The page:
Petronas Says OGX Oil Field Deal Hinges on Debt Restructuring
Petroliam Nasional Bhd., Malaysia’s state oil company, said its purchase of share in a field owned by OGX (OGXP3) Petroleo e Gas Participacoes SA will hinge on the Brazilian oil producer’s debt restructuring plan.
The company, known as Petronas, has yet to complete the transaction after agreeing in May to pay $850 million for a 40 percent stake in two blocks of the Tubarao Martelo field off Brazil to Eike Batista’s OGX, Chief Executive Officer Shamsul Azhar Abbas said today. Petronas isn’t involved in OGX’s debt restructuring, he said.
“The deal is still pending full clarity with regard to the restructuring exercise,” Shamsul told reporters in Kuala Lumpur. “OGX hasn’t met the condition precedent. The debt restructuring has to happen first.”
Bondholders of OGX, which may run out of cash this month, hired Rothschild to advise on a debt restructuring, a person with direct knowledge of the matter said this month, asking not to be identified because the selection process is private. Batista is raising cash and selling pieces of his companies after his estimated fortune plummeted to less than $1 billion from $34.5 billion in March last year on missed production and profit targets, according to the Bloomberg Billionaires Index.
Petronas is in talks with a group of potential buyers for stakes in Canada’s Progress Energy Resources Corp., Shamsul said. One of the deals may be reached within a few weeks, he said. Petronas in March sold a 10 percent stake in its C$11 billion ($10.5 billion) liquefied natural gas project in Canada to Japan Petroleum Exploration Co.
Petronas today reported a 3.6 percent drop in second-quarter profit as lower crude prices countered an increase in output. Net income fell to 12.5 billion ringgit ($3.8 billion) in the three months through June from 13 billion ringgit a year earlier, according to a statement released in Kuala Lumpur. Revenue climbed 5.2 percent to 74.4 billion ringgit.
“Looking around there’s nothing to be excited about in the global economy,” Shamsul said. “There are strategies we have put in place to achieve targets and commitments.”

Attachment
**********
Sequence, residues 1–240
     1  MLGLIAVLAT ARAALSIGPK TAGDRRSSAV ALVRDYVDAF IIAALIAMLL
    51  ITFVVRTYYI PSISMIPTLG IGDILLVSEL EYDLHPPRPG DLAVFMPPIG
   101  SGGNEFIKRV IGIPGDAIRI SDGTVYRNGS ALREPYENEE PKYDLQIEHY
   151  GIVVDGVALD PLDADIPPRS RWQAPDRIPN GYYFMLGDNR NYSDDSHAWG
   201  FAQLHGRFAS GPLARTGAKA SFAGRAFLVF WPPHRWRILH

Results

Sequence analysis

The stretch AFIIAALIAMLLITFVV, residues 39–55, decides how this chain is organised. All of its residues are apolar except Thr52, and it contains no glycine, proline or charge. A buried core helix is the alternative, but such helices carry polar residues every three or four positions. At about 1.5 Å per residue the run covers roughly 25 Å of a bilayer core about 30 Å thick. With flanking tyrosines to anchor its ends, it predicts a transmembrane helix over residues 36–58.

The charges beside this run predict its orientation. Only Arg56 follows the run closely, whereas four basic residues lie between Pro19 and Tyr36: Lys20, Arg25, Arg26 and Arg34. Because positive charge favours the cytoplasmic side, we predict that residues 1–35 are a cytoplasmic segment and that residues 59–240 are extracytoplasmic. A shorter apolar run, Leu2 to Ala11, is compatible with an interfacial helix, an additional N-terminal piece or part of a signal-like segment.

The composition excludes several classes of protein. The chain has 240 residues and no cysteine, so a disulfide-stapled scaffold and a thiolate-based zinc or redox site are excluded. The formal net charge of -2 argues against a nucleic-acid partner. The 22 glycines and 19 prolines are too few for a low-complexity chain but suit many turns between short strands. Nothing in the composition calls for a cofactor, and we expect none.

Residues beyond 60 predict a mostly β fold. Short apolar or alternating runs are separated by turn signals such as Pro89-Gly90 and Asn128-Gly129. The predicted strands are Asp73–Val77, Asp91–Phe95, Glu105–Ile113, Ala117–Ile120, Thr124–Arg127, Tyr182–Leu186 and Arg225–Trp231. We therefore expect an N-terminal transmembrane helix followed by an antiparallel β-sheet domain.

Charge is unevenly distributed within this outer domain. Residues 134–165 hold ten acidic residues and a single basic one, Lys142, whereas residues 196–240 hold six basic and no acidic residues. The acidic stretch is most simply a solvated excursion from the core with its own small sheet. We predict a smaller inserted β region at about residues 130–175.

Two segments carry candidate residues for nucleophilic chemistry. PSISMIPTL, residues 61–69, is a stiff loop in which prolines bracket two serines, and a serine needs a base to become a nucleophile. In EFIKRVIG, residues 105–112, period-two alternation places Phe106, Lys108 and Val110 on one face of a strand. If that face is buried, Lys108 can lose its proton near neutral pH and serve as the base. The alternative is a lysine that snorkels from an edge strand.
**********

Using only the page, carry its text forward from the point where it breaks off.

Brent slipped to an average $102.44 a barrel during the three-month period from $108.19 a year earlier, Petronas said in the statement. Total production rose to 2.08 million barrels a day of oil equivalent in the second quarter from 1.85 million last year, according to the company.
Petronas may scrap a $20 billion refining and petrochemicals project in Pengerang at Malaysia’s southern Johor state bordering Singapore, Shamsul said. The company is undertaking a strategic review on the costs and potential returns before making a final investment decision by the first quarter next year, he said.
Taiwan’s Kuokuang Petrochemical Technology Co. may scrap its plans to build an integrated refining and petrochemical complex in the same area due to unfavorable project economics, Platts reported Aug. 20, citing an unidentified official from Kuokuang shareholder CPC Corp. Kuokuang said it’s still waiting for results of an environmental impact assessment to decide.
“When the environment turns south, many companies will review their costs,” Shamsul said. “I’m more worried about the upstream costs, be it the jack-up platforms, be it the marine support services, those are creeping up. Anything with negative returns would be scrapped.”
To contact the reporter on this story: Chong Pooi Koon in Kuala Lumpur at firstname.lastname@example.org